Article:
One of the main principles of the educational and military spheres of Israel is inclusion.

  • “Children with special needs need to be integrated into the ordinary school system. That is how their integration into society takes place, and how understanding, respect, and solidarity toward them on the part of the rest of society are nurtured. In other words, the problems of people with special needs become comprehensible to everyone. In 1998 Israel approved a special law on education that enacted the foregoing. This meant integration not only into society but also into the work market. In addition to ordinary ones, special classes have been created in schools in which pupils can learn according to their needs; or in a single class there can be two teachers, one of whom is for children with special needs. Children with mobility problems also attend school, according to an individualized schedule. In other words, everything possible has been done to avoid segregation in schools.”
  • “As is generally known, military service in Israel is mandatory, and that’s why much effort is expended to make the military sphere inclusive as well. So, there are special subunits for people on the autism spectrum, who usually perform specific functions in keeping with soldiers’ capabilities. For example, they are responsible for aerial photography, and they look for details that other people might overlook.”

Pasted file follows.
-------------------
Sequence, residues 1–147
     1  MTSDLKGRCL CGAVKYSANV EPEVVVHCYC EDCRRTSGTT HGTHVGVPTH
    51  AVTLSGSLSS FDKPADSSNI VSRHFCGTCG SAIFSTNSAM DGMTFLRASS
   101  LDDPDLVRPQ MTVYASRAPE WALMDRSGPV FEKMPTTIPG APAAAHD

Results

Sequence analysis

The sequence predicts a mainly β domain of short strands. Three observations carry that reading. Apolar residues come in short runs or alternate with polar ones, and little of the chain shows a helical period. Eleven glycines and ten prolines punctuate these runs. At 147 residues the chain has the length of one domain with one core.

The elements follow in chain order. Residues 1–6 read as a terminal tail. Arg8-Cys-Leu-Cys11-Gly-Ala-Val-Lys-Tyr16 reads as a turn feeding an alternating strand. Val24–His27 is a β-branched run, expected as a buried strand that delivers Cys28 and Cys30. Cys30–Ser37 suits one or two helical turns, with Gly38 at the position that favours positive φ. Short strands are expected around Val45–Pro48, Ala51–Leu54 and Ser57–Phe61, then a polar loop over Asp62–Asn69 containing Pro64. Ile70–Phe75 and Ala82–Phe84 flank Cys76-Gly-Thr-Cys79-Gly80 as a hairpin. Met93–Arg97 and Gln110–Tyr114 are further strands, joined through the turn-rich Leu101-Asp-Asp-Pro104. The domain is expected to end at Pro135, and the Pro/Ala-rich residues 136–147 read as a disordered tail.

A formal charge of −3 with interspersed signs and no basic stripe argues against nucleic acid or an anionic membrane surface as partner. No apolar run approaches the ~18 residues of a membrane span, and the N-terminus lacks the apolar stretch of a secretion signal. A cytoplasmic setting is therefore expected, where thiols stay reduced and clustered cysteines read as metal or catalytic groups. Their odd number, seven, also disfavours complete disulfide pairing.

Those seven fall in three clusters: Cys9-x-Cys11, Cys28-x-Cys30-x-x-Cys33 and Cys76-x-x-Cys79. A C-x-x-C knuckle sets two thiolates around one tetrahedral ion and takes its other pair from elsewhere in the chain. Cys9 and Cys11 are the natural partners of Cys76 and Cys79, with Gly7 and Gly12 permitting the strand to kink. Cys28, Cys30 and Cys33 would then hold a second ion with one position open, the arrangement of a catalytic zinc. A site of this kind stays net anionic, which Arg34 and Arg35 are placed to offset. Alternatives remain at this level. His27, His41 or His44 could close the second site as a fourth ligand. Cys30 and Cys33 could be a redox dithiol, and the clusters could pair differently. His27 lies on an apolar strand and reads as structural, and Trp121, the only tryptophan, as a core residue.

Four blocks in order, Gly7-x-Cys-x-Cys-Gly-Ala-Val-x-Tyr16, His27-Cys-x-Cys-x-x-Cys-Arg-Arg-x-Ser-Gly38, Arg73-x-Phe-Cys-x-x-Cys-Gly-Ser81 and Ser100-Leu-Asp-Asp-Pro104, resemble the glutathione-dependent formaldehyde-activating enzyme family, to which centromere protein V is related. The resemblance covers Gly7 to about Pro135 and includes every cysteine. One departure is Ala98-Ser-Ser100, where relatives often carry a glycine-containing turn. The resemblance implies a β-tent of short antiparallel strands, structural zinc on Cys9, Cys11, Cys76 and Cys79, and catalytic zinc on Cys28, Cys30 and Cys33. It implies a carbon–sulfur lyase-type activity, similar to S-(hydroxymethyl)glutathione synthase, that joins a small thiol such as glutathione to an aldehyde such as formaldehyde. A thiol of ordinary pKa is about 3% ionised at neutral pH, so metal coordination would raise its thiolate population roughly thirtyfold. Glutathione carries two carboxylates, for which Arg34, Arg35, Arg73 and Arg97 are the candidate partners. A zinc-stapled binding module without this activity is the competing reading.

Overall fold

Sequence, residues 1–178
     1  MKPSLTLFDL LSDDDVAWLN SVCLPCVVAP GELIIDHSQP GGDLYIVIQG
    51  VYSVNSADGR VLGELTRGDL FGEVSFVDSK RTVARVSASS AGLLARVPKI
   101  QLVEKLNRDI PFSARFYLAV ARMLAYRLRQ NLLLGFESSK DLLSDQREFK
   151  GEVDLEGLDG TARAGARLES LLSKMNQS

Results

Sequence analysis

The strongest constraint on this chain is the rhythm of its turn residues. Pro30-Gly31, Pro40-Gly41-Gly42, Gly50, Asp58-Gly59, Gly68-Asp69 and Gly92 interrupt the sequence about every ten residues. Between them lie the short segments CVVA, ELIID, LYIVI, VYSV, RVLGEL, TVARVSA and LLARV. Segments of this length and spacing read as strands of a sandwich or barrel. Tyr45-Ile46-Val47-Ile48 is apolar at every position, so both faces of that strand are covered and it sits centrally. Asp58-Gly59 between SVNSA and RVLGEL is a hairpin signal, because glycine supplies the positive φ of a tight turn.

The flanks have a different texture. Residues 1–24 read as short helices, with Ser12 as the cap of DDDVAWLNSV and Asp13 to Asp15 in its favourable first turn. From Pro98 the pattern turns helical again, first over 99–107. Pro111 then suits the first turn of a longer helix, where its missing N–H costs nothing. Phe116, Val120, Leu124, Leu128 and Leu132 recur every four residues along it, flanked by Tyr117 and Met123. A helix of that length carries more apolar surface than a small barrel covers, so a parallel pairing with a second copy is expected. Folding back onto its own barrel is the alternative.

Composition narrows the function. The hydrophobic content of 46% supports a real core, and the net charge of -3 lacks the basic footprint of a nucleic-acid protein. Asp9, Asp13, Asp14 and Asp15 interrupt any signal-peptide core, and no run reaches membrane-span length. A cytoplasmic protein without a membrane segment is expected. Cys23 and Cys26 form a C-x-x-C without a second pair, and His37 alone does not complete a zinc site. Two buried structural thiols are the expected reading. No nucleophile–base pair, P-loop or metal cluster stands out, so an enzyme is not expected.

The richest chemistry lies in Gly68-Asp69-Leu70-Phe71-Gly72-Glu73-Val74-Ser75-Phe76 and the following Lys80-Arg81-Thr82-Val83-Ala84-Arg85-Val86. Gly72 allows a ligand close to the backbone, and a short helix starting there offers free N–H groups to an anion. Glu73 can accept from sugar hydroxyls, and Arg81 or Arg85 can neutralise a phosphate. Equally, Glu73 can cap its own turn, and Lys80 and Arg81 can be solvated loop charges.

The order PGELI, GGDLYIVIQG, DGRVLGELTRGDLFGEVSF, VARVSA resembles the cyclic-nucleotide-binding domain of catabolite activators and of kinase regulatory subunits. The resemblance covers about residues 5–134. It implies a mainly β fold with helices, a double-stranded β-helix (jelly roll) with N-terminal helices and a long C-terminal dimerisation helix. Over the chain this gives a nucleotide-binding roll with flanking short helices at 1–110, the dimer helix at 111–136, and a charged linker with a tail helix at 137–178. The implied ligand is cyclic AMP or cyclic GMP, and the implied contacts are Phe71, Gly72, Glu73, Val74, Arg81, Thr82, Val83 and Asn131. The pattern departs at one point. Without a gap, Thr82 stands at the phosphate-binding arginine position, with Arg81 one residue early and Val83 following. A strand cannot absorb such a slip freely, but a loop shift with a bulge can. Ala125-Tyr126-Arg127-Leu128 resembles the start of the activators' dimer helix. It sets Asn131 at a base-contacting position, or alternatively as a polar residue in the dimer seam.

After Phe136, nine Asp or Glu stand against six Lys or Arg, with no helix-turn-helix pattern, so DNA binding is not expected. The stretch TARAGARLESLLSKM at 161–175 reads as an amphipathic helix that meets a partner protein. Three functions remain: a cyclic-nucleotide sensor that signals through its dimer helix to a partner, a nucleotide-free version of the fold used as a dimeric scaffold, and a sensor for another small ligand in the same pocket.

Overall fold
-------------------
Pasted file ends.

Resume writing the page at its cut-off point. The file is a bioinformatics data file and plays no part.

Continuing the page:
Inna Sovsun, vice-president of the Kyiv School of Economics, First Deputy Minister of Education and Science of Ukraine (2014–2016)

Ukraine must learn from Israel’s experience of integrating linguistic minorities.

  • “Until recently, language questions became topical in Ukraine, and this is connected with the adoption of the Law on Education, specifically the article on language. Despite the fact that the law anticipates the reform of the Ukrainian system of education and its financing, the debates have contracted to the single Article on language. The idea behind the Article is to introduce instruction in the Ukrainian language for pupils from national minorities, without abolishing teaching in their own language, in order to provide them with more opportunities to attend Ukrainian universities, and, strictly speaking, to pass the Ukrainian language exam. Obviously, this position was erroneously interpreted by Ukraine’s neighbors, namely, Hungary, which happened for political reasons also. That is why I would like to continue the discussion about Israel’s experience with integrating minorities, particularly with regard to the linguistic aspect.”

A unifying factor in Ukrainian society can be a “Great Idea” that still must be formulated.